James Mitchell Ashley was one of many prominent Michigan railroad builders in the late Nineteenth Century, but the way he got into railroad construction distinguishes him. He has, perhaps, greater significance in the nation’s history. Ashley was born near Pittsburgh in 1824. His father was a bookbinder but many in his family were ministers. Apparently, his father insisted that Ashley also become a minister but Ashley refused. He ran away from home as a teenager, worked as a printer in Portsmouth, Ohio. Later he studied law and became a member of the Ohio bar in 1849. Then he moved to Toledo in 1851 to run a drugstore.
Ashley was an ardent abolitionist and realized that the new Republican Party would, cautiously, welcome members who shared his strongly held views about the need to promptly end human bondage in this country. He accepted the Republican Party’s nomination to run for Congress and represented Toledo in the lower house for five terms from 1859 to 1869.
Congressman Ashley wrote and then tended to the passage of a law in 1859 that prohibited the sale of slaves in the nation’s capital. Abolitionists were upset that humans were sold at a market located very close to where Congress met. After President Lincoln issued his Emancipation Proclamation in 1863, he needed an ardent and capable member of the lower house to write a constitutional amendment and insure its passage by Congress so that states could ratify it. James Ashley was selected for that task so he is the principal author of the Thirteenth Amendment that ended slavery.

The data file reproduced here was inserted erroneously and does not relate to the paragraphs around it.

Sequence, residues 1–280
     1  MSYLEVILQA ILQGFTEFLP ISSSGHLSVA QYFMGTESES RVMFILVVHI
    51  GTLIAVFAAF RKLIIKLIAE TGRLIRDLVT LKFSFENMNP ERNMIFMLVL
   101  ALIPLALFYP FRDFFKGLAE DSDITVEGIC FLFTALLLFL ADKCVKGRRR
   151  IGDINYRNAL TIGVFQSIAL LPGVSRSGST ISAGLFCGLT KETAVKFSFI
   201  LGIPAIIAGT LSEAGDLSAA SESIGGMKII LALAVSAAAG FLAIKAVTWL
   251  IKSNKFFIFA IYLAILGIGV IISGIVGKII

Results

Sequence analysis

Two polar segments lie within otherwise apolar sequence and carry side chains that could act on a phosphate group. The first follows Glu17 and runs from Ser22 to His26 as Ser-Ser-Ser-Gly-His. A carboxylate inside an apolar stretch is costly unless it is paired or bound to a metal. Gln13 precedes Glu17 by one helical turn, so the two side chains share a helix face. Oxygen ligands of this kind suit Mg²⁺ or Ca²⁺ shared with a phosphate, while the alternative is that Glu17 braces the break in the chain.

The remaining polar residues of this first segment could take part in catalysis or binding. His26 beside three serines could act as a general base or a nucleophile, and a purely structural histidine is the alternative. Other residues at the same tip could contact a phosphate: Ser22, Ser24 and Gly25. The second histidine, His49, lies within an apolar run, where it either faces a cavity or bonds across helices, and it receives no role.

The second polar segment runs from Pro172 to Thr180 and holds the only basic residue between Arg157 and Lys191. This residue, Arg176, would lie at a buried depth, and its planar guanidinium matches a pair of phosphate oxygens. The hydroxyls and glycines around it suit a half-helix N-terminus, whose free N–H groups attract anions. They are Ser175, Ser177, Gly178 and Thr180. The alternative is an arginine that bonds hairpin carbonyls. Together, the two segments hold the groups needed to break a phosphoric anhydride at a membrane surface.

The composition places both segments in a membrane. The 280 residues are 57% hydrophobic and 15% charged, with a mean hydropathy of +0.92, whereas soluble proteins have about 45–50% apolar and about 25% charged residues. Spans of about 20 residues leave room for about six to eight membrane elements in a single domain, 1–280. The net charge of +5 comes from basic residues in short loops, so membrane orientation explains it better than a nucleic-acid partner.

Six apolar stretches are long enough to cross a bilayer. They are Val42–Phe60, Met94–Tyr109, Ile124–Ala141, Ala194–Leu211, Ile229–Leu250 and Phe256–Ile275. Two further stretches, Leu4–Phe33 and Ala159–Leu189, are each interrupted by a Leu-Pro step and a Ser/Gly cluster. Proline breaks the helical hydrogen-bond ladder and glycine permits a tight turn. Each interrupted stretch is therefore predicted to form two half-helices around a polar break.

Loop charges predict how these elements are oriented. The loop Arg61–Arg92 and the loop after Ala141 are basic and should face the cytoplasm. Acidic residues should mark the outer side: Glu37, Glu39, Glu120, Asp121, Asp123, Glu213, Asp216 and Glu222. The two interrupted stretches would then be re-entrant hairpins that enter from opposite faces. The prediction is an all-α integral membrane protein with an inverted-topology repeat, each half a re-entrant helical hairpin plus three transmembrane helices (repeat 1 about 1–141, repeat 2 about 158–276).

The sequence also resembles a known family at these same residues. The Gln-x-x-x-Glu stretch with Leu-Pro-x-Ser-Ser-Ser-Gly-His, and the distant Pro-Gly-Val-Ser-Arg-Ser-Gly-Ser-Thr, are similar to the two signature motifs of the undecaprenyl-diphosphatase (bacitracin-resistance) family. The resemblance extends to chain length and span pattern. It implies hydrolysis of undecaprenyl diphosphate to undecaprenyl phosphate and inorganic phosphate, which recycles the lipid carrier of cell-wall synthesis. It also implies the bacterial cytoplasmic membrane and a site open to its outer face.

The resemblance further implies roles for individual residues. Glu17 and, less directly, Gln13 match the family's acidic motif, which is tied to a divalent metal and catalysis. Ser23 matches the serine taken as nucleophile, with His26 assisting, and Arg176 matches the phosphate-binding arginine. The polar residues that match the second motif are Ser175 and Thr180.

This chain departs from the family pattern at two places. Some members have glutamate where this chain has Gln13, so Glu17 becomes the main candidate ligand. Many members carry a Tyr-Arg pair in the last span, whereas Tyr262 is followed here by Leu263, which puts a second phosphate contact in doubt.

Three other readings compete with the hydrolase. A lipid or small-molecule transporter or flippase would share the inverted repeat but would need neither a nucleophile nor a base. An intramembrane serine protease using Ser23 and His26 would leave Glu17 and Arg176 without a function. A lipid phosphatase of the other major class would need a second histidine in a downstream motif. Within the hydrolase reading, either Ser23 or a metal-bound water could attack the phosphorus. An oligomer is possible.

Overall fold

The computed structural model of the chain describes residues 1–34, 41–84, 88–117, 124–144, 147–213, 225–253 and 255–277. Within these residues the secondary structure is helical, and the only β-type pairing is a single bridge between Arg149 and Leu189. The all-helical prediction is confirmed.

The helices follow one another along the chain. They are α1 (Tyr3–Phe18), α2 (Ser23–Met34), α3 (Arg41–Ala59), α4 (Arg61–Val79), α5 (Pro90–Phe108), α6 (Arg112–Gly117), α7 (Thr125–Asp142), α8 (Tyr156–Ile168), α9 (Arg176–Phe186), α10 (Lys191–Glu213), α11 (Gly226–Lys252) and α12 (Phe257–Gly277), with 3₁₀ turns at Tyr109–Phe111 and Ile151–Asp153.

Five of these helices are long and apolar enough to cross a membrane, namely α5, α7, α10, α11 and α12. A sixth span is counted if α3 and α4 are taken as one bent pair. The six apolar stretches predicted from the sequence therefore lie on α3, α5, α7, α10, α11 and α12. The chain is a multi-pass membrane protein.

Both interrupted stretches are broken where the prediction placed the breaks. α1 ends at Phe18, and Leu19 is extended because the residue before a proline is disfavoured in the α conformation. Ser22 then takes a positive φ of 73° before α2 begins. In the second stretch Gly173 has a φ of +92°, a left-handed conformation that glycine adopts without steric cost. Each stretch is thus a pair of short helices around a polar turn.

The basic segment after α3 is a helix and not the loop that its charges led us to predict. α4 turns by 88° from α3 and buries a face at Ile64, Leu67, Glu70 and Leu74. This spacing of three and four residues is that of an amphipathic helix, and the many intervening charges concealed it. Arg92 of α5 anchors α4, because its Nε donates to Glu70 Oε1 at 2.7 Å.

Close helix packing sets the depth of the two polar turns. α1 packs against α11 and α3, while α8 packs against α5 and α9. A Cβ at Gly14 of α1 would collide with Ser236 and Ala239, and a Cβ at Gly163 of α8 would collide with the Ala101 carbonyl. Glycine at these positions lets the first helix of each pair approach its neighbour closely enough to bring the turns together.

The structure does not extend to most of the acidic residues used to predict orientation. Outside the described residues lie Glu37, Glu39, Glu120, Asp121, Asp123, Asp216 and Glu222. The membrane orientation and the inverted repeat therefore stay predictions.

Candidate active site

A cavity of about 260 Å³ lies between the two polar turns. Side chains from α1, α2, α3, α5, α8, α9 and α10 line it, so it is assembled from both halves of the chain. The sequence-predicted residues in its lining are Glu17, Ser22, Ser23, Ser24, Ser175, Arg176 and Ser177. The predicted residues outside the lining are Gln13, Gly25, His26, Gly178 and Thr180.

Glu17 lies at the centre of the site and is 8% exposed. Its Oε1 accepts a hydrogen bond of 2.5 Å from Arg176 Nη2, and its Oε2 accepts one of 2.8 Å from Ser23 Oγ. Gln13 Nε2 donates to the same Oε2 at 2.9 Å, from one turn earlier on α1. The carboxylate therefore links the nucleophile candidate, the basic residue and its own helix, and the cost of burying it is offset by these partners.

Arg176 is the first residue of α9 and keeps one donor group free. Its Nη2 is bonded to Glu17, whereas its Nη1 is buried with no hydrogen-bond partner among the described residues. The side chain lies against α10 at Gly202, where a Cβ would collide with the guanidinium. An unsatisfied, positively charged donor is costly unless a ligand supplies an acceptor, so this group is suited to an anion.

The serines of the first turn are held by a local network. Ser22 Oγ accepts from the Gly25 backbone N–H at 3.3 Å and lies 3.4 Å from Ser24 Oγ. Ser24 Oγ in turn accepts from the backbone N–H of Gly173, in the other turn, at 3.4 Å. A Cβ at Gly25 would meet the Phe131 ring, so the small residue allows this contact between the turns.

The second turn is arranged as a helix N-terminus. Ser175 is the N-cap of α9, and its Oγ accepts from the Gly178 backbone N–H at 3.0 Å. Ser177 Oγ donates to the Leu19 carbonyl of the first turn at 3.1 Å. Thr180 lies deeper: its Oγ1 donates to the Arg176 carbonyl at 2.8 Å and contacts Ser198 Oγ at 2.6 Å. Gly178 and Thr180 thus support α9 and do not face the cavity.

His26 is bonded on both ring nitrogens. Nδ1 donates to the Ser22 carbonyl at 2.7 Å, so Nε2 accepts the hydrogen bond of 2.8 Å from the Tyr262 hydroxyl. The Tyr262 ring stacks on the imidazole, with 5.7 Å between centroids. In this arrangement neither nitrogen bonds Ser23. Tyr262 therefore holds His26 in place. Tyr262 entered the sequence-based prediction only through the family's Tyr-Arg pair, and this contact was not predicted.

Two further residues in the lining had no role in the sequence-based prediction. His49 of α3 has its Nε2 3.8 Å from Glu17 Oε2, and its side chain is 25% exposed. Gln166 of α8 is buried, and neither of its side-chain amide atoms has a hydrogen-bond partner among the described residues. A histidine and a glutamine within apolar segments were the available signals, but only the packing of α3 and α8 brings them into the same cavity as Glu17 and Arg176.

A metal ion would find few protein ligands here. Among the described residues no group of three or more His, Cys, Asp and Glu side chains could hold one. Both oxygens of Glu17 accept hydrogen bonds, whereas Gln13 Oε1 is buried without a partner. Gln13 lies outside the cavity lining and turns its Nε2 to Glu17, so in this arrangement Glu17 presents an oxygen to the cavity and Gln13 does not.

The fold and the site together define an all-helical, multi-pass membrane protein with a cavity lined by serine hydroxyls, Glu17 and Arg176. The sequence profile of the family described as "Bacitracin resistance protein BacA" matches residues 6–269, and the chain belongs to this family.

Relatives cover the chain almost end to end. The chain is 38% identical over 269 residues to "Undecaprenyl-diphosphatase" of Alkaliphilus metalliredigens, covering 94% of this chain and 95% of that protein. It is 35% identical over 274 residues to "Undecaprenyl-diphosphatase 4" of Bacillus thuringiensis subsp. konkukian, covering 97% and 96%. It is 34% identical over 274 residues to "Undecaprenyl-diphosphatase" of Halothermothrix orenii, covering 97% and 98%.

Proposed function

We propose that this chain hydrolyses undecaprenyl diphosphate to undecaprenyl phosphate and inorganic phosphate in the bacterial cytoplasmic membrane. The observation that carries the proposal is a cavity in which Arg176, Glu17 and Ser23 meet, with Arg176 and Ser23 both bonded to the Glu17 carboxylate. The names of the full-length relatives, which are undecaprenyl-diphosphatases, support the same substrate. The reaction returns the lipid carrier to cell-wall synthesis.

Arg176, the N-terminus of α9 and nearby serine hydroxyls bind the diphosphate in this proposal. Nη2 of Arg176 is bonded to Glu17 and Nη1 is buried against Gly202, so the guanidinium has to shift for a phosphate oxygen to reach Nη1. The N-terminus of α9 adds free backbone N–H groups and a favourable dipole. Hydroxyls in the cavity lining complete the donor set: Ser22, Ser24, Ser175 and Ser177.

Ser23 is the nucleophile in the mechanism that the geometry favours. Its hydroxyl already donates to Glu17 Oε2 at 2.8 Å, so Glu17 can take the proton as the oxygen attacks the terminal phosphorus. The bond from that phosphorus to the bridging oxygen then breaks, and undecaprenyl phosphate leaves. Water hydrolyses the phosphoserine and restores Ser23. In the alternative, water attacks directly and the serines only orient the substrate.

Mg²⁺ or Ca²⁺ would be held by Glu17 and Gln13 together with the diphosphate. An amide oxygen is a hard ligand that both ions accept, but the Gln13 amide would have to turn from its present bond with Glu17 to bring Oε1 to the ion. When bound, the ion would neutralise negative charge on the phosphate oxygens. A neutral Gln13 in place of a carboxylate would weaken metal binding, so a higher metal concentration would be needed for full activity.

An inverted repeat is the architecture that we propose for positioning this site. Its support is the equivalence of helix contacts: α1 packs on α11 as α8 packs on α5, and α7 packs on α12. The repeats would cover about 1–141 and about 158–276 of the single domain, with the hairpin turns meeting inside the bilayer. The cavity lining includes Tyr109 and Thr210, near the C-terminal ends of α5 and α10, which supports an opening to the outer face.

President Andrew Johnson needed a territorial governor for Montana in 1869. He nominated James Ashley but Congress sat on that nomination so President Johnson gave Ashley a recess appointment. The Republicans in Congress appeared to despise almost every action taken by President Johnson. Indeed, the peak levels of conflict between the legislative and administrative branches of government may have occurred during the Johnson years. There was so much opposition to his appointment that James Ashley gave up his appointment in Montana after serving less than a year and returned to Toledo.